9. Why are we still inviting around a million new immigrants a year, when their are about 15 million jobless Americans? My health care experience was mainly in England, Germany and 15 months in Australia and prior to the mass European immigration invasion was positively first class. FIRST CLASS AND EXEMPLARY! THERE WAS NO SUCH THING AS RATIONING?

Of all the states that--SHOULD--be using E-Verify, is the illegal immigrant sanctuary state of California. Illegal immigration attributed to the near bankruptcy of California and is a prime example of intentionally ignoring immigration laws. The U.S. Census Bureau projections issued in the year 2000, that the United States is precisely on track to have a population of 1.182--BILLION--in the year 2100. So much for future American population is OVERPOPULATION.


PS: Least we forget that Ted Kennedy RIP--NEVER TOLD THE TRUTH--when he promised their would be no more AMNESTIES, after the 1986 immigration reform act?

Andrew Oh-Willeke said...

Suffice it to say that I disagree strongly with almost everything in the comment from Brittanicus. I am bemused by his comment that: "Democrats are downplaying that the 20 plus illegal immigrant families living here[.]"

Does he mean in his apartment building or neighborhood?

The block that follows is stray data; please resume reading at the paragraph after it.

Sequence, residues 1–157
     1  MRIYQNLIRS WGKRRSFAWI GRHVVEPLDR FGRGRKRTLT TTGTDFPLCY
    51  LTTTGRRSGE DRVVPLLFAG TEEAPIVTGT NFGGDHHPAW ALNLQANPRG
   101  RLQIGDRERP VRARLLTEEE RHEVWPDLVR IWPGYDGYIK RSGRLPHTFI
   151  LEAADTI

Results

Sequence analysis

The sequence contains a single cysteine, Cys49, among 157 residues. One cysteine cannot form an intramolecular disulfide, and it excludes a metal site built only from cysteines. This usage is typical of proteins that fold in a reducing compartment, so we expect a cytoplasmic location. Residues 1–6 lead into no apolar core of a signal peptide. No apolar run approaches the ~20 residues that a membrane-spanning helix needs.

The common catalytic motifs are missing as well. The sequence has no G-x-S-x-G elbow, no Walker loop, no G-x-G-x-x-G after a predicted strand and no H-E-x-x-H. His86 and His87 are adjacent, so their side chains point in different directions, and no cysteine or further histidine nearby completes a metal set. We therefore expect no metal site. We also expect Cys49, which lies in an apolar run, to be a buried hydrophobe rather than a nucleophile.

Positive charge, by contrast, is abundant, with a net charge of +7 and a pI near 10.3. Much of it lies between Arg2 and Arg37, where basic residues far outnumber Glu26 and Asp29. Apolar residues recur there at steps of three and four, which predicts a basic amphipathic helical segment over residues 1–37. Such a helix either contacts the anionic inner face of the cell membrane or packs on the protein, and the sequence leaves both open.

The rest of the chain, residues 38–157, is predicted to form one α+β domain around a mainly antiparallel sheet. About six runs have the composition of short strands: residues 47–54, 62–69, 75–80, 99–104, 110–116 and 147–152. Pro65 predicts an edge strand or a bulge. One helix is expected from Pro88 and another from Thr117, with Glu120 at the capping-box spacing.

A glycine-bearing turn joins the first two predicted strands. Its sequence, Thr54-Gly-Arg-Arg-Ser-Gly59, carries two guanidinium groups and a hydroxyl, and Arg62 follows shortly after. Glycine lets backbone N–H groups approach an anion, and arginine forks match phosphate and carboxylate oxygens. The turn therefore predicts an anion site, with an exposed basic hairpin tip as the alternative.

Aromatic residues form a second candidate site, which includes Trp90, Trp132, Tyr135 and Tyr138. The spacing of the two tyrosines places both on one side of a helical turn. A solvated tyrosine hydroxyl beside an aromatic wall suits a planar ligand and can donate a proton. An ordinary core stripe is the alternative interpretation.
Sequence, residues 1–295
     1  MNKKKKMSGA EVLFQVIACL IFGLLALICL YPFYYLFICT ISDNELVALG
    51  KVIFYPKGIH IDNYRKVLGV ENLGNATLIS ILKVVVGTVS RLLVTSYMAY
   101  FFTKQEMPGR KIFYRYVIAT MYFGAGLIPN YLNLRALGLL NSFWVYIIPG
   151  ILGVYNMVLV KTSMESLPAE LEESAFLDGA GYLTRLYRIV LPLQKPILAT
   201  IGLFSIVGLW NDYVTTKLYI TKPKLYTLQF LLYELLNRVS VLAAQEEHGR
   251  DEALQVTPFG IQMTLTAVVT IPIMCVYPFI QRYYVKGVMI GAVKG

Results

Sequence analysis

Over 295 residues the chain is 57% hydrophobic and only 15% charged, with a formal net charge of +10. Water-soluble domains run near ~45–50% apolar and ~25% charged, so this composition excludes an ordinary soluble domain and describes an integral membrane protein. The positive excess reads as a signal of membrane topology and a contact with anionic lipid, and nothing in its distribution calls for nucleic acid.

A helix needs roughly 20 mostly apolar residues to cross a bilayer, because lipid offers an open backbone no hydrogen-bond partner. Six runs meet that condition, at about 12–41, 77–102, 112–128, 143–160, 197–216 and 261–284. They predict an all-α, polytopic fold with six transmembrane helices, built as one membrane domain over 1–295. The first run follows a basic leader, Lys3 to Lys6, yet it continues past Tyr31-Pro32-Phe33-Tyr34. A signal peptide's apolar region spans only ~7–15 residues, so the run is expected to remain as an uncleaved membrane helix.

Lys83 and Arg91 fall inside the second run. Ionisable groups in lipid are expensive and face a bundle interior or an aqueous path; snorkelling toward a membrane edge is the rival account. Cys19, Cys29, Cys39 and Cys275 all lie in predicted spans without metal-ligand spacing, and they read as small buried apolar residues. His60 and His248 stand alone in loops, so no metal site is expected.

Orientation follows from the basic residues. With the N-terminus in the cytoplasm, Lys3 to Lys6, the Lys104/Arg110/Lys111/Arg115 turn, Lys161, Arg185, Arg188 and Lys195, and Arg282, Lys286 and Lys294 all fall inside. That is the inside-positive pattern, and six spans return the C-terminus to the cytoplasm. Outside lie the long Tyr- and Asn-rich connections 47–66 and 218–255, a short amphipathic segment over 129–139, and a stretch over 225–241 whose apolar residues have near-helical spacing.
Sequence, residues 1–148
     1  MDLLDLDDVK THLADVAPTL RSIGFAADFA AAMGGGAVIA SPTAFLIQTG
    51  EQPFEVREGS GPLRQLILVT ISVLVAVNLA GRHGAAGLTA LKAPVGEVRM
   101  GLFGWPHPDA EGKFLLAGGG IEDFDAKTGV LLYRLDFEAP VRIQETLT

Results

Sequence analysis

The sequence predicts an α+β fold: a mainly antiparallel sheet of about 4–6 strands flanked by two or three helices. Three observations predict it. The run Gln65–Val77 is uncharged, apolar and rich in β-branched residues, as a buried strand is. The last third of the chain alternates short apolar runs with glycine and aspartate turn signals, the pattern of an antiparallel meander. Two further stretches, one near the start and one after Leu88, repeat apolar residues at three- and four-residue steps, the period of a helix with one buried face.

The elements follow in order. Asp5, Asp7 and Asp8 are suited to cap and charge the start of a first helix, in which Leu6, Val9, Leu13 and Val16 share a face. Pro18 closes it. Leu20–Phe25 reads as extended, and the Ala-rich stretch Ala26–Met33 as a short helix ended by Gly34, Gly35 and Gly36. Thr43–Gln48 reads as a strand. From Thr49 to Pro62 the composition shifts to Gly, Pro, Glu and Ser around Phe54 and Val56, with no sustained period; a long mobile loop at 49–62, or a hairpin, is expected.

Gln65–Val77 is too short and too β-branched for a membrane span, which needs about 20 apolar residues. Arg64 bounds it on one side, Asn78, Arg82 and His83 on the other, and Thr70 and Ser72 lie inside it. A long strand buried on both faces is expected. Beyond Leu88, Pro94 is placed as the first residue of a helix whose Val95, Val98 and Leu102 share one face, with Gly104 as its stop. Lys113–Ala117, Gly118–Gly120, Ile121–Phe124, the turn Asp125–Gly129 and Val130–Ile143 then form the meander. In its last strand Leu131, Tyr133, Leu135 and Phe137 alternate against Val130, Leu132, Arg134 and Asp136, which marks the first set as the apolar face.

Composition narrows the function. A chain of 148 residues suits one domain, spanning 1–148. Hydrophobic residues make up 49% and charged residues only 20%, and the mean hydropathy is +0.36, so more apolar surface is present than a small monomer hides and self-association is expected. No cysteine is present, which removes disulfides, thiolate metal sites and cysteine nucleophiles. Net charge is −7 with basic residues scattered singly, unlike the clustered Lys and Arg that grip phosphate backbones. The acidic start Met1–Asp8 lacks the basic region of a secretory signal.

Does he mean 20 million families? Assume that illegal immigrant families are at least as large as an average American family (2.5 people), that would mean 50 million people, which is about 1 in 6 people in the U.S.

In fact, the illegal immigrant population of the United States is about 11 million people (down from a 2007 peak of about 12.5 million people), which is abouut 3.7% of the U.S. population. About 57% of illegal immigrants were from Mexico, 24% were from other Latin American countries, primarily from Central America, 9% were from Asia, 6% were from Europe and Canada, and 4% were from the rest of the world.

The most charitable possibility (with regard to accuracy) is that he may mean 20 million people in families with 12.5 million people who are illegal immigrants (assuming his numbers are old) and another 8.5 million people who are U.S. citizen members of their families (mostly American born children).

His fundamental beefs seem to be points 4, 5 and 9.

He thinks that illegal immigrants cost society more than they pay in taxes (particularly with regard to health care) and take away jobs from Americans.

Empirically, the evidence is that illegal immigrants are not using more government services than they pay for in taxes, that illegal immigrants are not a heavy burden on the health care system, and that illegal immigrant has a surprisingly low impact on the job market for U.S. workers.